As many are well aware, these are fascinating and crazy times within the realm of physics, as they have been for the past 30 years. The search for quantum unity has created a mechanical method that has become more bizarre the closer we look. The quest of quantum mechanics and Einstein’s undisputable Special and General Theory of Relativity has created a crack within the center of physics evolution, two powerful theories of which really have no dependence or reliance upon the other. On one side, in attempt for macroscale symmetry, deals with domains as large as the universe itself. On the other side, an attempt for microscale symmetry has done nothing but created more questions and confusion (as well as particles!). Present day physicists have developed the notion of a unified field theory that would somehow connect these two opposites. Once again, the realm of physics has called on for abstract theoretical thought and insight on the problem. How can one possibly even start on such a problem? On approaching such an overwhelming question, I can guarantee that one thing is for certain, discovery within the laws of nature have proved nothing but simple and unique. Pain and mathematical torture in solving such sophisticated questions have resulted in beautiful and simple solutions. Take Einstein’s initial dilemma with the relation between matter and energy for example. With my undergraduate experience and the math classes I have taken, one way to approach this problem is to define a hypothetical basis. As defined in a dictionary, a basis is a fundamental principle or ingredient in which everything else applies to. Mathematically, a basis is the minimal set of points or actions (a certain type of function) that define the rest as a consequence. (Superstring Theory is one of the first in such an attempt, to suppose that the universe consist of onedimensional filaments that stretch infinitely. Even the physicists who have theorized it have confirmed this basis extraordinarily difficult. Our mathematical capability is simply too primitive, the math field known as topology that could possibly have some insight to the basis is far too basic. Another claim with Superstring Theory is that once a breakthrough has been discovered, on one will know where to go with it, and even how it will apply to quantum mechanics and the theory of relativity directly.) When applying and defining a basis to the universe itself, things can quickly become rather overwhelming and complicated. For such a basis to be considered, it must hold the following characteristics: Now unto an underlying force, the chances of finding the right one are far greater. It would be a force that affects the other three, and through reasoning, a good choice would be gravity due to the fact that it affects everything! I thought hard in choosing this force, and I believe that Einstein has come through again on this one. Gravity has a lot of the same characteristics as light, in the fact that this force is relative as well. The absolute form of gravity (where light is the speed of light) is somewhat unclear and involves dimensional analysis. Our closed hyperspherical universe is simply the way it is due to an absolute measure of gravity that remains unchanged. By the work of Hubble and his famous constant, we have determined that our universe is in fact expanding. This absolute measure of gravity, possibly the "fourdimensional" center of our universe, may be this very constant that we are looking for. Many physicists have hypothesized a particle known as the gravitron that varies in degree under specific environments; it is also possible to consider that a gravitron is simply the amount of gravitational force within a certain limit of space. Just like various velocities less than the speed of light, amounts of gravity vary less than the absolute constant. Now that we have considered such a simple basis, in what way do these two relate to explain and predict what we feel and see? By observation, we see that gravity becomes almost "symmetrical" at certain levels of space. Gravity is clearly symmetrical when observing macroscale phenomena. Moons revolve around planets, planets revolve around stars, and stars revolve around galaxies, and galaxies…well, they do their own thing. This is due to the fact that these endlessly continual rotations exist because these bodies do not experience any other influential force. If you and I were to head out in a vacuum of space, we would undergo the same rotation if applied that right way to produce symmetrical gravity. However, within our scale of space on Earth, we do not. We deal with an overwhelming presence of gravity just beneath our feet. Gravitational symmetry can be seen again within atoms. In this microscale of space, any outside gravitational pull is so miniscule, it has little effect to the microworld we are trying to understand. The election rotates around the nucleus at ease, little disruption occurs, only under certain violent cases. Finally with the help of quantum mechanics, another level of symmetry occurs within the subparticles. It has been proven that electrons rotate within the atom itself, exchanging between protons and neutrons. Looking deeper requires much more energy, energy equivalent to the interior of the sun, nothing capable of harnessing by our current technology. But maybe we don’t need the technology; maybe we can deduce that the basis of the universe is gravitational symmetry. Perhaps our basis would consist of the photon in rotation around the force of gravity. This would define matter as gravitationally trapped light. There are many applications to this hypothetical basis. A large force of gravity would decrease the average radius of such a rotation. The basis would predict a larger density. A weaker unit of gravitation would let the photon rotate more vigorously with an increase in average radius (remember the velocity of the photon remains unchanged). The gravitation could become weak to the point that the photon breaks away, creating light itself, and the beauty between mass and energy applies with ease. I hope to look deeper into any application that this basis may produce. Perhaps this basis produces the weak and strong nuclear force, which in some way could be regarded as gravitational symmetry now. If the basis could somehow connect to the particles we have defined, much more conclusions could be drawn and for the first time in history, a relationship between the theory of relativity and quantum mechanics could be fused together.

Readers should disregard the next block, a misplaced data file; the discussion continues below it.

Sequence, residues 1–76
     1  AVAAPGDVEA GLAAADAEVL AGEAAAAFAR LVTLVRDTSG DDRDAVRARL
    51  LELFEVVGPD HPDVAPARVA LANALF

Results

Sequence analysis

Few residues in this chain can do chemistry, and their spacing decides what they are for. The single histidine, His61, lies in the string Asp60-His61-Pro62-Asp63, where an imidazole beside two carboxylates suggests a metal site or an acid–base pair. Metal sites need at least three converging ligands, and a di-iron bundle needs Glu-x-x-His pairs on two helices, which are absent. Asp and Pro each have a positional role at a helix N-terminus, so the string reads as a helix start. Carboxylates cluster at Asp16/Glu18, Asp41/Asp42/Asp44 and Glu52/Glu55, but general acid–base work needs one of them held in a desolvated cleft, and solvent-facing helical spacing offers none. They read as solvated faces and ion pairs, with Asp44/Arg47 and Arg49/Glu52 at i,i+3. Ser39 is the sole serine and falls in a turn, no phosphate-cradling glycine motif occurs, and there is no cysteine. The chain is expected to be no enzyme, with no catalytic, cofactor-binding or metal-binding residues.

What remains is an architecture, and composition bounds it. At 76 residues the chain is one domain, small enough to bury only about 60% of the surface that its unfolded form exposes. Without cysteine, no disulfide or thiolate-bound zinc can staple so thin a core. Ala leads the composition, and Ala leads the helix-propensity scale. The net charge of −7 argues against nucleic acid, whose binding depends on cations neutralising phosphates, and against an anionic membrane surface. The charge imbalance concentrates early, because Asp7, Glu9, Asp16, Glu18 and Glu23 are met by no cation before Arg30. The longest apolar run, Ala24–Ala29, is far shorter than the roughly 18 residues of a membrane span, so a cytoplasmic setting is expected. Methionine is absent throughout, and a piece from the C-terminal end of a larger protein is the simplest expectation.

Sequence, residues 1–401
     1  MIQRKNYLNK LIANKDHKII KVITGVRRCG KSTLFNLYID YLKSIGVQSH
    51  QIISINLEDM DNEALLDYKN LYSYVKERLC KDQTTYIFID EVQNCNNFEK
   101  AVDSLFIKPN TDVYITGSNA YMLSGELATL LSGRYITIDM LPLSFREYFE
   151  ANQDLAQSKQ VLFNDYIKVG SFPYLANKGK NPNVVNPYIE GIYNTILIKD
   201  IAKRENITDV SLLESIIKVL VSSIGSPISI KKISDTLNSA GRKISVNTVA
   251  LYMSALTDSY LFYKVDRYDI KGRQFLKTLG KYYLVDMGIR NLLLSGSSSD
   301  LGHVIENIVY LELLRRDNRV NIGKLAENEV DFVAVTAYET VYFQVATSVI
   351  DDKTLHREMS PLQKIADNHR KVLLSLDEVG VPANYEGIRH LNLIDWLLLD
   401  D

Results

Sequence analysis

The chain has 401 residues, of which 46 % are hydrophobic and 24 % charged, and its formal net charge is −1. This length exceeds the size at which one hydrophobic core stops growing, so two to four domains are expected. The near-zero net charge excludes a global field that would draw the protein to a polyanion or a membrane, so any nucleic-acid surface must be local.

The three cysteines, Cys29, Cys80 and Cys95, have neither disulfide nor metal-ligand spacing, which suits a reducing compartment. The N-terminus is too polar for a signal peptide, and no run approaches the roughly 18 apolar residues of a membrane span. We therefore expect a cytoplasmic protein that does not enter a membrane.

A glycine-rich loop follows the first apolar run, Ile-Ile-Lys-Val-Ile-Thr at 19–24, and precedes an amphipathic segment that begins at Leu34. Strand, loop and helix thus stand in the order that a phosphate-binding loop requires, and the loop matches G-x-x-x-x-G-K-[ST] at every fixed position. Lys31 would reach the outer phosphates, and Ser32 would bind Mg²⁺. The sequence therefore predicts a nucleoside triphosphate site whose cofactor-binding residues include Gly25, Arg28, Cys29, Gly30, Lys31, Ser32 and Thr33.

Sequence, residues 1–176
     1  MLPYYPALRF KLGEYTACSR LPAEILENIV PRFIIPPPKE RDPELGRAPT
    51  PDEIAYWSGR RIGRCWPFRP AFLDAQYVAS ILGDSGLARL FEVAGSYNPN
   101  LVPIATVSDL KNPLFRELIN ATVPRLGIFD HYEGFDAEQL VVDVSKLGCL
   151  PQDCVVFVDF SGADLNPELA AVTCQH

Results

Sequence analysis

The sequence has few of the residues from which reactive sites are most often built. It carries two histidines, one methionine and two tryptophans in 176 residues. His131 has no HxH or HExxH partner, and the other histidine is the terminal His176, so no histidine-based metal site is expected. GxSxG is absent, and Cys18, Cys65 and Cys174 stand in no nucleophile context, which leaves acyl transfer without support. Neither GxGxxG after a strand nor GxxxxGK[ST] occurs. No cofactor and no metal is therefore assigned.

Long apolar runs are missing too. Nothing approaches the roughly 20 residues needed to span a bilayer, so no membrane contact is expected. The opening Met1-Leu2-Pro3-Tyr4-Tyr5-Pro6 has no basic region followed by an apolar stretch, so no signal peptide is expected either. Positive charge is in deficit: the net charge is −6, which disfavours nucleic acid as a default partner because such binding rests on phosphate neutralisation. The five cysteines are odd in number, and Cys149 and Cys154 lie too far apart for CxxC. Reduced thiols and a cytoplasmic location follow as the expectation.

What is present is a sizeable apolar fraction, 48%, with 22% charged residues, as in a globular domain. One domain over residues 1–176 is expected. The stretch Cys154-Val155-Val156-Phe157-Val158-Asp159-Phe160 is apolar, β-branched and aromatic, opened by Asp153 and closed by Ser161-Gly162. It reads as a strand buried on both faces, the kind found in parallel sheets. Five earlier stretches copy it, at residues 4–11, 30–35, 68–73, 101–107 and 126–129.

As many are well aware, these are fascinating and crazy times within the realm of physics, as they have been for the past 30 years. The search for quantum unity has created a mechanical method that has become more bizarre the closer we look. The quest of quantum mechanics and Einstein’s undisputable Special and General Theory of Relativity has created a crack within the center of physics evolution, two powerful theories of which really have no dependence or reliance upon the other. On one side, in attempt for macroscale symmetry, deals with domains as large as the universe itself. On the other side, an attempt for microscale symmetry has done nothing but created more questions and confusion (as well as particles!). Present day physicists have developed the notion of a unified field theory that would somehow connect these two opposites. Once again, the realm of physics has called on for abstract theoretical thought and insight on the problem. How can one possibly even start on such a problem? On approaching such an overwhelming question, I can guarantee that one thing is for certain, discovery within the laws of nature have proved nothing but simple and unique. Pain and mathematical torture in solving such sophisticated questions have resulted in beautiful and simple solutions. Take Einstein’s initial dilemma with the relation between matter and energy for example.